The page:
David Starkey

“On the evening of the 2004 presidential election, I sat at the computer in my Santa Barbara home and willed the voters in the Cleveland-area precincts to carry Ohio into the blue, Democratic column,” writes David Starkey, introducing his new essay collection, Living Blue in the Red States. “The next morning, like tens of millions of other progressive Americans, I woke up angry. What the hell were those red voters thinking?”

In a blue city like Santa Barbara, the Democratic faithful still cringe at the thought of November 2004. Starkey, a poet, playwright, regional television host, and Santa Barbara City College English professor, cringes along with them. Lingering thoughts and questions about the country’s much-analyzed politico-cultural divide motivated him to collect pieces of creative nonfiction that reflect on the experience of voting blue in regions of the country that vote red.

“I, myself, lived for seven years in Louisiana and South Carolina,” said Starkey, on the phone from his SBCC office. “When Bush was reelected, I wondered what my old friends were thinking, so I asked if they’d be interested in writing essays. Sure enough, they were.” Drawing from a pool of writers associated with poetry and academia, Starkey received a surprising variety of submissions, each one with a unique perspective on the very idea of what it means to be red or blue. “There was a huge range,” he said. “People who had grown up in the South and lived there their whole lives often described themselves as purple: They had certain blue values but couldn’t help but be colored, as it were, by the area in which they grew up. Some of the contributors were angry about this idea of a red-blue divide; in their eyes, it’s a false bifurcation.”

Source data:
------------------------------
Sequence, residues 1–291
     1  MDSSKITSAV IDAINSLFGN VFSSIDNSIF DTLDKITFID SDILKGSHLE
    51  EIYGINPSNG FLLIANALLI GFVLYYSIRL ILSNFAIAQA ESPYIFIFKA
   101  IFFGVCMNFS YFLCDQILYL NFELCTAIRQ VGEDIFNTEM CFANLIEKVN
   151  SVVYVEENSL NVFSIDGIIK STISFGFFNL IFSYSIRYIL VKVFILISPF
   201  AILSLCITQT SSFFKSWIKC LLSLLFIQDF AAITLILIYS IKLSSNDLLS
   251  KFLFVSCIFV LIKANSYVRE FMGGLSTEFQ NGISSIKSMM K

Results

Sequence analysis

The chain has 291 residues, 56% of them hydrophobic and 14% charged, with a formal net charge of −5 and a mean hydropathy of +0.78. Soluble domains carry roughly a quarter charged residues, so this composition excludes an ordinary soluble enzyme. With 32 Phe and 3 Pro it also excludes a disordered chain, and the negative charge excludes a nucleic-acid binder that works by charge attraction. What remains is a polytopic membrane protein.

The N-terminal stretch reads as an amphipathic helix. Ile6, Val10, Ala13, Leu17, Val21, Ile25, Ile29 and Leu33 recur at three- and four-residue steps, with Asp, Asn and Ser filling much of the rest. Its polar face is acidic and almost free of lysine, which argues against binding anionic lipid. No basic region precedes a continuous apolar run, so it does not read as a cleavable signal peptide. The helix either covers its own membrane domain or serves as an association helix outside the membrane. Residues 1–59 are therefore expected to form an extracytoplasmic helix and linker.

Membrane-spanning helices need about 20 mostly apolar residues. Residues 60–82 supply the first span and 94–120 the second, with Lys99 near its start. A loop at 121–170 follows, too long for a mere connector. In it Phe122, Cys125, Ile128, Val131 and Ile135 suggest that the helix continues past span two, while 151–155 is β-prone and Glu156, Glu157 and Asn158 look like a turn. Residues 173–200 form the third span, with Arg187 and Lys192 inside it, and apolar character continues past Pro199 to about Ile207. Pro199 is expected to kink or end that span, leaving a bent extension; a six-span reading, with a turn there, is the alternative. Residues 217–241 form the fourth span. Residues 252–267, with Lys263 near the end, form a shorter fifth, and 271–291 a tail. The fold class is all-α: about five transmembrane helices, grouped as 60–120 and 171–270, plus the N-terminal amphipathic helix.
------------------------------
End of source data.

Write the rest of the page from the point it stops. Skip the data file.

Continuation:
In Starkey’s mind, most Americans aren’t solid red or blue, but purple. “I’m a pretty blue purple,” he said, “although I wrote an article for an Omaha newspaper not too long ago about how I grew up hunting with my father and still go out and do this very red activity that most of my beliefs contrast with.” That complexity and nuance shape each of Living Blue in the Red States’ essays. “They double back and they undercut their own theses,” Starkey said. “The typical essay about politics is meant to persuade you with rhetoric. Here, meditation and introspection are at the forefront; it’s a new mixture, and I’m proud to have a book that showcases it.”

“One of the things critics respond to positively about the book,” Starkey added, “is that it’s very well-reasoned, that people look at both sides of the question. That’s not to say that there aren’t a few essays in there that are really angry, but it covers the spectrum.” The book’s brand of creative personal/political essay has won accolades from unexpected quarters. “I’ve had a couple reviews from conservatives, and they’ve been praising it,” Starkey said. “I haven’t had the book praised as much by say, MoveOn.” (One contributor spends her chapter recounting a miserable, hopeless campaign to get out the blue vote in Independence, Missouri, with that very organization.)

Is Starkey in a state, as it were, of existential despair about American politics? “Ultimately, I’m an optimist,” he responded. “I love this country. Despite its many faults-I could go on and on listing them-there are also so many great things. As I’m looking out the window at Anacapa Island in the distance, the Santa Ynez mountains behind me, I feel really lucky to be here.”


David Starkey directs SBCC’s new Creative Writing Program, which will offer five classes in the spring semester. Find out more at creativewriting.sbcc.edu.


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